The under-used player: Chris Close was man of the match in the first two Origin matches but only played another seven games for Queensland as he battled injuries, form and fitness problems throughout the second half of the 1980s. 

The hard-luck story: Jharal Yow Yeh had just started to realise his enormous potential in 2011 when the young Bronco played all three matches of the Origin series, scoring two tries on the wing to also earn three Kangaroos Test jerseys. However, a horrific leg injury playing for Brisbane early the next season was so serious it ended a promising career at the age of 22.

The late bloomer: Gary Coyne made his Origin debut a few months shy of his 28th birthday but the Canberra forward made the most of his chance, playing 11 matches, including the 1989 and ‘91 series victories.

The flash in the pan: Kerry Boustead played the last of his six Origins in 1984, scoring five tries along the way, but the former Kangaroos winger never played rep footy again after that year before retiring in 1990. 

The big-game performer: Bob Lindner was a very good player during his first-grade career at Parramatta, Wests, Illawarra and the Gold Coast but never quite lived up to his representative reputation. In Origin, and for Australia for that matter, he was often one of the most influential players on the field in a decade-long career which earned him 26 Maroons jerseys.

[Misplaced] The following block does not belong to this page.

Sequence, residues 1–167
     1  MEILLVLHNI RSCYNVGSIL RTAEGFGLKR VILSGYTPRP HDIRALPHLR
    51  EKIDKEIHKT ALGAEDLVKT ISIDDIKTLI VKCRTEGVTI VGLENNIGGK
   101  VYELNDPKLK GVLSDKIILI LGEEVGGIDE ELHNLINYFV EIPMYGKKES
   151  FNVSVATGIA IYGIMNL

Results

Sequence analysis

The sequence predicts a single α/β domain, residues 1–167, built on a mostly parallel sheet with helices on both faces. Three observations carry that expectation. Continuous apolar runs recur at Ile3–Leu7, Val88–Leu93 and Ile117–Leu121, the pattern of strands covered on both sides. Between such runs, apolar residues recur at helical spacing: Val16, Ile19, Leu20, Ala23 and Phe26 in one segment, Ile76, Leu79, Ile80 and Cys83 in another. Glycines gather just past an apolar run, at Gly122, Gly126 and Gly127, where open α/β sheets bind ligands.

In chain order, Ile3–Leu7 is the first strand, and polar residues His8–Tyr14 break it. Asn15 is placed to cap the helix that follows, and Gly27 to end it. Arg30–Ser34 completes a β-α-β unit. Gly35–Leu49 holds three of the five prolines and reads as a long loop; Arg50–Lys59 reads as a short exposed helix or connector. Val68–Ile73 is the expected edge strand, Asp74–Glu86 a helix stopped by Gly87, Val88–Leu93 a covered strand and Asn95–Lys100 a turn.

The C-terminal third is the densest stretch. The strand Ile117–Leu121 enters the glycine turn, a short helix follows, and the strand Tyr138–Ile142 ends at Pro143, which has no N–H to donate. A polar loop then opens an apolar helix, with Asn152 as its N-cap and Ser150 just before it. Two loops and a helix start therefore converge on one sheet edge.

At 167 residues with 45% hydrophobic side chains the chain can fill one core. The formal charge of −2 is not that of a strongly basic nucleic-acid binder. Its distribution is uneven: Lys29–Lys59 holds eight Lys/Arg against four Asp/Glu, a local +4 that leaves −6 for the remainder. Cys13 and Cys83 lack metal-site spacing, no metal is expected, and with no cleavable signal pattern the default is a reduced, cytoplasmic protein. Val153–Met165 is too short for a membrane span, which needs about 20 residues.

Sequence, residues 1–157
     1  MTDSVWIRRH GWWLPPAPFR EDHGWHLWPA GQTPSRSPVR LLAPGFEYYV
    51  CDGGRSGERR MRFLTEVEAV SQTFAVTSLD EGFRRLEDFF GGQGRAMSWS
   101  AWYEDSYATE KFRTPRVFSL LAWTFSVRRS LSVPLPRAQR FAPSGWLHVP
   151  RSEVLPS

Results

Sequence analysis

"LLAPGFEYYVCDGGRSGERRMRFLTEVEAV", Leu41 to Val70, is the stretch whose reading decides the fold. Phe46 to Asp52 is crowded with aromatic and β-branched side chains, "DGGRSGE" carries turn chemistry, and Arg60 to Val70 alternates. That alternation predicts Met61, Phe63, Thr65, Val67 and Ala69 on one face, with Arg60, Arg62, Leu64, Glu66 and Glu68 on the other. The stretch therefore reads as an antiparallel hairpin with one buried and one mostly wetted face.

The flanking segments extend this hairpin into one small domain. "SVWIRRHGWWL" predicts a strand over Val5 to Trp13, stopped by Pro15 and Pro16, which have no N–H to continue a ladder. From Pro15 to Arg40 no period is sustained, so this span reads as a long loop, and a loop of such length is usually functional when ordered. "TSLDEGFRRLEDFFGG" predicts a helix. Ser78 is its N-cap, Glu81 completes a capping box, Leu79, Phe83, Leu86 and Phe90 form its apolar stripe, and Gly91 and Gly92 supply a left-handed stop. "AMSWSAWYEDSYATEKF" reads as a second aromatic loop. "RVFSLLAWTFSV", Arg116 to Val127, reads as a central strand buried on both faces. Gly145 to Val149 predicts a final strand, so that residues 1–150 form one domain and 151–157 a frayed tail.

The What-If Story: Peter Jackson was one of Queensland’s most passionate performers in the late 1980s and when Wally Lewis was close to retirement in the early ‘90s, “Action Jackson” seemed the heir apparent to the five-eighth’s jersey. But drug and mental health problems stemming from being sexually abused as a schoolboy derailed his career and he tragically died in 1997 at the age of 33.

The icon: Arthur Beetson is an Indigenous and Australian icon, and when it comes to Queensland’s Origin history, he will always be the first chapter. After having to represent NSW for most of his career because he played club football in Sydney, his effort to lead the Maroons to victory at Lang Park in the inaugural match in 1980 despite being at the end of his career and struggling to hold his spot in first grade will forever epitomise the Maroons’ fighting spirit.